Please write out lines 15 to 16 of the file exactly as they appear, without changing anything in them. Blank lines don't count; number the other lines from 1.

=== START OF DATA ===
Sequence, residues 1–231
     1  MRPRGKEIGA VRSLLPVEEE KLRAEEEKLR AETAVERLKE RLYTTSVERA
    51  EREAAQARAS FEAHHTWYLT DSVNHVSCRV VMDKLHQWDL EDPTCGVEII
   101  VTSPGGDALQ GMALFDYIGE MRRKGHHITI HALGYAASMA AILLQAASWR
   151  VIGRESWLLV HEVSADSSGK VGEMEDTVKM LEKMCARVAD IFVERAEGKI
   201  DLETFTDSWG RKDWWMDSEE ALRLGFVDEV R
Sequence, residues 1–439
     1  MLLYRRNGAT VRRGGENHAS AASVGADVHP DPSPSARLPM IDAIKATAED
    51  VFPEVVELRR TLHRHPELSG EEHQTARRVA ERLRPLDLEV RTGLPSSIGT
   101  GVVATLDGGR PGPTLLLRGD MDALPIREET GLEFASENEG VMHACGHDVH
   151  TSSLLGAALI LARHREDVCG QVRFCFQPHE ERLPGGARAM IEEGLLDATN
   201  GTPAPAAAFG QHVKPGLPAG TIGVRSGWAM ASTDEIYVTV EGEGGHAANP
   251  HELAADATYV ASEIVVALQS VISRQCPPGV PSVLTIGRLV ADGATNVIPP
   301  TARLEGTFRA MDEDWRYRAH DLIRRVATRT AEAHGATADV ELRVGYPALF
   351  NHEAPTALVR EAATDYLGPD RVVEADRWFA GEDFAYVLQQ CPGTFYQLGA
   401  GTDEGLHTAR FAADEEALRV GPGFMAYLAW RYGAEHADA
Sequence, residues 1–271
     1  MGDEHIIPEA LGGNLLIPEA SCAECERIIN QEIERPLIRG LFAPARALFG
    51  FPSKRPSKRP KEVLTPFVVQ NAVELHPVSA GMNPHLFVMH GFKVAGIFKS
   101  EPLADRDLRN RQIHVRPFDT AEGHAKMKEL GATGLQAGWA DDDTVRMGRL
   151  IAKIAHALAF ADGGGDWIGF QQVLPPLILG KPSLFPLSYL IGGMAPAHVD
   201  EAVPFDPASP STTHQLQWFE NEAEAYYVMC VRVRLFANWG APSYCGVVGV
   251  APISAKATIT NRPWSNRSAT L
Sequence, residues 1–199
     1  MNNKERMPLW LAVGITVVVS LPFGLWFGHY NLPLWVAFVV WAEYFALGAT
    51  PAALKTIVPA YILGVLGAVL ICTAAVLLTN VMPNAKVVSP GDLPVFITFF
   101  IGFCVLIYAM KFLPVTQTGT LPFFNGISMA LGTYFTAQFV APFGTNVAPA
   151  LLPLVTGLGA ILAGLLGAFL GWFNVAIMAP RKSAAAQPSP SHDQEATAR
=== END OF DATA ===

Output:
   351  NHEAPTALVR EAATDYLGPD RVVEADRWFA GEDFAYVLQQ CPGTFYQLGA
   401  GTDEGLHTAR FAADEEALRV GPGFMAYLAW RYGAEHADA